Thursday, April 3, 2003

US News and World Report story complaining about CentCom

No one doubts that the United States will ultimately sweep to a military victory in Iraq. But the failure of CentCom commanders to offer even a dose of candor about the unexpected problems encountered there has grouchy reporters grumbling about a credibility gap. The war has not played to CentCom's carefully rehearsed script. American and British forces were not initially greeted as liberators. CentCom officials said in recent days that the crowds have begun to help the American forces, but the southern city of Basra remains a dicey place where it's not clear who's in control.

Before the war began, the military had planned to airlift chosen television reporters to Basra on Day 2 to beam back pictures of Iraqi Shiites celebrating the demise of Saddam Hussein's regime. The reporters still haven't made it there.

When the initial developments did not create the images sought by CentCom, the spin doctors here took over. Franks finally spoke on Day 3, but the briefings contained little useful information. The "mosaic" that Franks and Brooks had said they would stitch together instead became a confused jumble of battlefield reports filed by embedded journalists in the field with little context from the providers of context. In the absence of information, reporters started interviewing each other. New York magazine media writer Michael Wolff–dressed mostly in black–changed his seat each day for maximum opportunity to ask questions and tweak the briefers. One of the generals tried to bond with Wolff by pointing out they both had bald pates, but Wolff was merciless when he asked Brooks on Day 8, "Why should we stay? What's the value to us for what we learn at this million-dollar press center?"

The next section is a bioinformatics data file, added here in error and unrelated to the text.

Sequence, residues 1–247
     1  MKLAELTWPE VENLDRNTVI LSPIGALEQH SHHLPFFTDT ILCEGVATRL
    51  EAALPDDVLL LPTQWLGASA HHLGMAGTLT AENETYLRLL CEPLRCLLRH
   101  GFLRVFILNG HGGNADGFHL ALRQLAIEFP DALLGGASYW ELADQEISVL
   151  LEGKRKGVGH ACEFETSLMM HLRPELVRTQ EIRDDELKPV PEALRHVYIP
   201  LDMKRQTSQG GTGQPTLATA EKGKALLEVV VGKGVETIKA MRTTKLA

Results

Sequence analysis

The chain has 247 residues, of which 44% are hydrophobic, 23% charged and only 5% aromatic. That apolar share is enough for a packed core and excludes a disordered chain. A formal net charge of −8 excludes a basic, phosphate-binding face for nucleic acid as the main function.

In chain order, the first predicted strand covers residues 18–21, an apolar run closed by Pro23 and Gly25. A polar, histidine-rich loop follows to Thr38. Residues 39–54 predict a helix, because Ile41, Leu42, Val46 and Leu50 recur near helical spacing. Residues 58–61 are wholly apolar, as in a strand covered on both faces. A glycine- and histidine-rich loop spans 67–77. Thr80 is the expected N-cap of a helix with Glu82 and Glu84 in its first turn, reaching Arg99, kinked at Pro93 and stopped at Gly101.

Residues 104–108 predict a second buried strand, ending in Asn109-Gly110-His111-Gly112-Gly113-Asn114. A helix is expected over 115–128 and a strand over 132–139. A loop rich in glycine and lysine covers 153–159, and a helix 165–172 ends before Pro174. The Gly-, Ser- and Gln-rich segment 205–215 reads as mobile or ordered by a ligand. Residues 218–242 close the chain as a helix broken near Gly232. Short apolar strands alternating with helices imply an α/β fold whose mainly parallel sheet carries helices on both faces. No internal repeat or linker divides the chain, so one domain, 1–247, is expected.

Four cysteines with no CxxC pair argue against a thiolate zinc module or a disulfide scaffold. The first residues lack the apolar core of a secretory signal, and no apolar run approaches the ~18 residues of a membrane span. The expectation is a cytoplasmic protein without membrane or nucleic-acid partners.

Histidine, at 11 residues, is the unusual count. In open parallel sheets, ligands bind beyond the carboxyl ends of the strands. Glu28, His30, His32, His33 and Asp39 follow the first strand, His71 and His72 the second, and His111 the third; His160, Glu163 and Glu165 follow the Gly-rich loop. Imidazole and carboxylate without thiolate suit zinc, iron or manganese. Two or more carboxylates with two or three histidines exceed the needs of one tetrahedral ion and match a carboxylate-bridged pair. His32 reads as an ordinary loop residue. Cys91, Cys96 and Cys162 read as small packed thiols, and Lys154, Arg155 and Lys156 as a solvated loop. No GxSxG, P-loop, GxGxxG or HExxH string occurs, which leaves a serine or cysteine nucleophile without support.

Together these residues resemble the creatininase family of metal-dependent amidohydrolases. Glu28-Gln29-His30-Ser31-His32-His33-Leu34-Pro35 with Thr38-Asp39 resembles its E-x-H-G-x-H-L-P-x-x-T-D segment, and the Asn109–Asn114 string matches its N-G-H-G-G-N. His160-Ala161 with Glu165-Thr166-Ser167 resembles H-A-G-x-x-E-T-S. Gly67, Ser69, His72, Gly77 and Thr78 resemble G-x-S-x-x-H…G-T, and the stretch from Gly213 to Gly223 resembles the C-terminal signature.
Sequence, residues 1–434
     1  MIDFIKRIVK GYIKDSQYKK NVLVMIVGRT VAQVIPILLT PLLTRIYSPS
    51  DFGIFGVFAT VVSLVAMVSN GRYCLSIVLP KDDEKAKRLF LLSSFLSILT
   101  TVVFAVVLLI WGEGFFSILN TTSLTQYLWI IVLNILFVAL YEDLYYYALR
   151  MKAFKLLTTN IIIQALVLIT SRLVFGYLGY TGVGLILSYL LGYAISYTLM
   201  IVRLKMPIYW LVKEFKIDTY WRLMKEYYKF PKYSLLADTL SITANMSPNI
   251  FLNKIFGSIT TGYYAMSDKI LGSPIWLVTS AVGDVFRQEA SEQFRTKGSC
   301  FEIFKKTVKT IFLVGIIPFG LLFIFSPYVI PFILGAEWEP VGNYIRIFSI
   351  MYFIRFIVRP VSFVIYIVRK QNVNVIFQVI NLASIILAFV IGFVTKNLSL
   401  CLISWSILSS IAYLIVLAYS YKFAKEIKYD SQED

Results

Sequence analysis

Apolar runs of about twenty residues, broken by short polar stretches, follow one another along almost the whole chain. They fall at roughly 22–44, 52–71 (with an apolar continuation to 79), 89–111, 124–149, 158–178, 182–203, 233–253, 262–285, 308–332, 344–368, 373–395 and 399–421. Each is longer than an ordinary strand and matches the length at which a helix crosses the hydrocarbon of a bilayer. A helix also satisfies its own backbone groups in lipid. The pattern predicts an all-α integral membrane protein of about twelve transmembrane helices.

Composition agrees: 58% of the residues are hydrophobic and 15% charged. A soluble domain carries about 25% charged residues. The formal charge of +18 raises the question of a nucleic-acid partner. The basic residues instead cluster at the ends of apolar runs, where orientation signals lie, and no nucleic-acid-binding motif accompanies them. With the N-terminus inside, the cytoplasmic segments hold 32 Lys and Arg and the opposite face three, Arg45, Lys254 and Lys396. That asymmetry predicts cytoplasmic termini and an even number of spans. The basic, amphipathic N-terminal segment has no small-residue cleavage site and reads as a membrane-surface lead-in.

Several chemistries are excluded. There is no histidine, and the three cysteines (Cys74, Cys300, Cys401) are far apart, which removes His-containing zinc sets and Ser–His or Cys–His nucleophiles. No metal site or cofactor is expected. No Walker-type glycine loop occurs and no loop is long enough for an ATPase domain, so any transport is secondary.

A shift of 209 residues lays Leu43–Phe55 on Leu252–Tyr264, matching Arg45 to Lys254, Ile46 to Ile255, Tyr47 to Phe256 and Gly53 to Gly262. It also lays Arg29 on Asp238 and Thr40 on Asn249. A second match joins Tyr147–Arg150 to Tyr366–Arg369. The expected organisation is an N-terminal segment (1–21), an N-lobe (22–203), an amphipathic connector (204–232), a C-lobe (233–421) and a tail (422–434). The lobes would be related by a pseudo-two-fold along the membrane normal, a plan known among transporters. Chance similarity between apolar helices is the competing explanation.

The succeeding briefings were not reassuring. Reporters had to act like Kremlinologists to divine what Franks meant Sunday when he attempted to defend his war plan. "The very best planning, I believe, military planning that can be done, is military planning that assures ultimate success but permits the possibility of early success," he said. It wasn't easy deciphering that oblique code, but what Franks seemed to be saying was that his blueprint relied on launching an attack with a smaller, lighter force to secure the lucrative oil fields and see if Iraqi resistance quickly faded. In case the "early success" didn't fully materialize, Franks and the military planners had prepared a contingency: a second wave of forces that would reinforce the invasion. Military officials could then argue that they didn't have to alter the plan because the planners always foresaw changes. "Its chief characteristic," Franks said of the plan, "is flexibility, adaptability." Many people would have considered this explanation–if Franks had offered it in plain English–to be reasonable, though some would have derided it as after-the-fact spin. But Franks failed in three appearances to explain his reasoning in an understandable way, preferring to rely on vague pronouncements such as, "This plan will be unlike any I believe anyone expects."

What was so stunning about the CentCom stage was the stark contrast with the generous access given to embedded reporters.....